Skip to main content

river redhorse

river redhorse (Moxostoma carinatum) [state threatened] Photo © Uland Thomas

Features and Behaviors


The river redhorse may be 10 to 27 inches in length. The back and upper sides of this fish are green-brown, while the remainder of each side is yellow. The belly is white. The dorsal fin is green-brown or blue-gray. The lower body fins are plain or with an orange tint. The tail fin is red. Dark spots can be seen on the scale bases of the back and sides. The river redhorse has a large head and a large mouth. The posterior border of the lower lip is U-shaped. Large teeth are present in the throat. The breeding male has small tubercles (bumps) on the head, body and fins.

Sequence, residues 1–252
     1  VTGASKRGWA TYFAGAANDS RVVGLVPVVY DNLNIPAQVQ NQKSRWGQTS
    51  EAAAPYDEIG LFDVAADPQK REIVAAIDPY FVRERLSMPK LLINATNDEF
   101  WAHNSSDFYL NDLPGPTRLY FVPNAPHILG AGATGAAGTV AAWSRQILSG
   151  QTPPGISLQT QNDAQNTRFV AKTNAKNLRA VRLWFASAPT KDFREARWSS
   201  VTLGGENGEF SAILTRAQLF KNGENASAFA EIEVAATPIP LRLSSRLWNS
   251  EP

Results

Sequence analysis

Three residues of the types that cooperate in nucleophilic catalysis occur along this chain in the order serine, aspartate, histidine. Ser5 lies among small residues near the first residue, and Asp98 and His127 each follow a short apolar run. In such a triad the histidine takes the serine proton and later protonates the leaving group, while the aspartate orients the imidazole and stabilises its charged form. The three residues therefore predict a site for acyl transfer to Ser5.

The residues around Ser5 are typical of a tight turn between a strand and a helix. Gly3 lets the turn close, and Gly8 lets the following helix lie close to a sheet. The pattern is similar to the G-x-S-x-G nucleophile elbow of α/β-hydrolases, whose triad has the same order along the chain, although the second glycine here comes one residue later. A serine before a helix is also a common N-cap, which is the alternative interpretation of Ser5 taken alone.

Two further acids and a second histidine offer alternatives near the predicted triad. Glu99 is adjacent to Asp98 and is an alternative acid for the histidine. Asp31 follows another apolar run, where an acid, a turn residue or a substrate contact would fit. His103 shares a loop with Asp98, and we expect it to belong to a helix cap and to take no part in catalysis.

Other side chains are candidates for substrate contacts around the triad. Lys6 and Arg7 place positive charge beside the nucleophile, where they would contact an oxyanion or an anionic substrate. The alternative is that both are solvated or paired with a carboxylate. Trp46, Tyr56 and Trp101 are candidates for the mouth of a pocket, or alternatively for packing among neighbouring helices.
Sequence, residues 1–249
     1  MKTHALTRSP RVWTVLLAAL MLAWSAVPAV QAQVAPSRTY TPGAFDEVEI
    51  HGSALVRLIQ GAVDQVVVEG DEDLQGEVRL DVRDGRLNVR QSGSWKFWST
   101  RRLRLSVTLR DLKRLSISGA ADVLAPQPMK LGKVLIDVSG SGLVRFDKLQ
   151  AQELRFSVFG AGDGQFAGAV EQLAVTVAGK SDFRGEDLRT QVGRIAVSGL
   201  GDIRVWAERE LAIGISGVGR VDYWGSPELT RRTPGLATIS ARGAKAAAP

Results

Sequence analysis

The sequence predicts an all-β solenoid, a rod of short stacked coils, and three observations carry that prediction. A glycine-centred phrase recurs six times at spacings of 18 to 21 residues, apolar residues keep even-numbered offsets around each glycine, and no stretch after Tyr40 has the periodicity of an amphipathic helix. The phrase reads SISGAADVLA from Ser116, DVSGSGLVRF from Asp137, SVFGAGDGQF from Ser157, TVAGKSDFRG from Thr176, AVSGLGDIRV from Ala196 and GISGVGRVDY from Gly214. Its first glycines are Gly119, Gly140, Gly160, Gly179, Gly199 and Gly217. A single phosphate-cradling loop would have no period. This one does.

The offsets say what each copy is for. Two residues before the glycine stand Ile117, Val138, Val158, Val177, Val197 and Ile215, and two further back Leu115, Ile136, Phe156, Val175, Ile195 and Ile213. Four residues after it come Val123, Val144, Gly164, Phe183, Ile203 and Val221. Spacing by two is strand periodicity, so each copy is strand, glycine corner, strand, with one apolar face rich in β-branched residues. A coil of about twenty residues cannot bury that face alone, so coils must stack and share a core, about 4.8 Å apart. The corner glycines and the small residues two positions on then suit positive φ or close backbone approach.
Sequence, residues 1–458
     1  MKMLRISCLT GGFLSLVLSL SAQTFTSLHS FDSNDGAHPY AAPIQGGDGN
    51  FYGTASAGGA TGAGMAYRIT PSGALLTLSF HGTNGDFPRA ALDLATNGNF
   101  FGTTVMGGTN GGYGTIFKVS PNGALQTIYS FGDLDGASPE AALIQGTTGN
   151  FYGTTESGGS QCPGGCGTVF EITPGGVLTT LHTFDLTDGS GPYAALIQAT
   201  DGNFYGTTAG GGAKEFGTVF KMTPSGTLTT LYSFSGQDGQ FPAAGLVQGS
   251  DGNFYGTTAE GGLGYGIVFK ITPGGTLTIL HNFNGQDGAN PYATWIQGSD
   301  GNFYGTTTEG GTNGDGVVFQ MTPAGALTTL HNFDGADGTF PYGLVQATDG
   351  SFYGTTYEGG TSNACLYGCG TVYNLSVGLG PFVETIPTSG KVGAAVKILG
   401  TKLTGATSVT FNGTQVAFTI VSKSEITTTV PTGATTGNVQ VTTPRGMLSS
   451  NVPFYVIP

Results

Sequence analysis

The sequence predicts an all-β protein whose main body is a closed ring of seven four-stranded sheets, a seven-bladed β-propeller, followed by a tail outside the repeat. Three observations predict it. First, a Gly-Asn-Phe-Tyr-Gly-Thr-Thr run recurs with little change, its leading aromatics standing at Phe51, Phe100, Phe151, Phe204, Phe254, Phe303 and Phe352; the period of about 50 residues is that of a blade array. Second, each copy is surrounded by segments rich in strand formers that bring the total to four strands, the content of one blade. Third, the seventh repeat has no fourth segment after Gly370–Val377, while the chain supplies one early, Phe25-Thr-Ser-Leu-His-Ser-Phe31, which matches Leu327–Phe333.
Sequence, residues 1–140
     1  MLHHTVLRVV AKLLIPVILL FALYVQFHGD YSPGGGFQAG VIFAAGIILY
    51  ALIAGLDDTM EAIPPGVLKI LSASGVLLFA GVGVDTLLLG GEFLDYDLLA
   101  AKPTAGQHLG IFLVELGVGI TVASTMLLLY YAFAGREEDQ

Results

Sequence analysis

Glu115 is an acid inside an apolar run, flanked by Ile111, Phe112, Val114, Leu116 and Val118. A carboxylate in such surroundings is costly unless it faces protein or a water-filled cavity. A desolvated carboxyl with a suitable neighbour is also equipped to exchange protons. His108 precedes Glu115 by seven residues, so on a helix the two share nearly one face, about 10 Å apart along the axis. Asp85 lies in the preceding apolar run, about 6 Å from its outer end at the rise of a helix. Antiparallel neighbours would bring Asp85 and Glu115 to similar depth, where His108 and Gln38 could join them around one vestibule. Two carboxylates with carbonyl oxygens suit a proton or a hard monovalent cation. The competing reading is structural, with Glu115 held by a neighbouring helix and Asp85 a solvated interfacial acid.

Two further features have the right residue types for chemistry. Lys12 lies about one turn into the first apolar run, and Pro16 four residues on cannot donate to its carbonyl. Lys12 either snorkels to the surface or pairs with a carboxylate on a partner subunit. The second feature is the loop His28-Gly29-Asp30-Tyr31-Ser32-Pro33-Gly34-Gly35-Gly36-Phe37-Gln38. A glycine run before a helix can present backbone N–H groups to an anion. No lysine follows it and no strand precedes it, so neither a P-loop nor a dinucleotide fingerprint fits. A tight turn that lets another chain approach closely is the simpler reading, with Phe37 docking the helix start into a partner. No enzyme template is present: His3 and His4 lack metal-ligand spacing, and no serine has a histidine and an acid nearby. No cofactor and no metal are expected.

The river redhorse may be found in most of the upper Illinois River basin and in the Vermilion River basin. It lives in the deep, swift, gravel riffles of rivers. It is intolerant of silt, turbidity and pollution. Spawning occurs in spring. The male excavates a nest in the gravel on the river bottom. The female and a second male come to the nest. Both males fertilize the eggs. The action of all three fish stirs the eggs into the gravel. The river redhorse eats mollusks and aquatic insects.

Illinois Range


Kingdom: Animalia
Phylum: Chordata
Class: Actinopterygii
Order: Cypriniformes
Family: Catostomidae

Illinois Status: state threatened, native

The river redhorse is threatened in Illinois mainly due to habitat degradation. It has a limited distribution in the state and is threatened by poor water quality, siltation, increased turbidity and pollution. Maintaining good water quality and protection from silt, turbidity and pollution are necessary for its survival.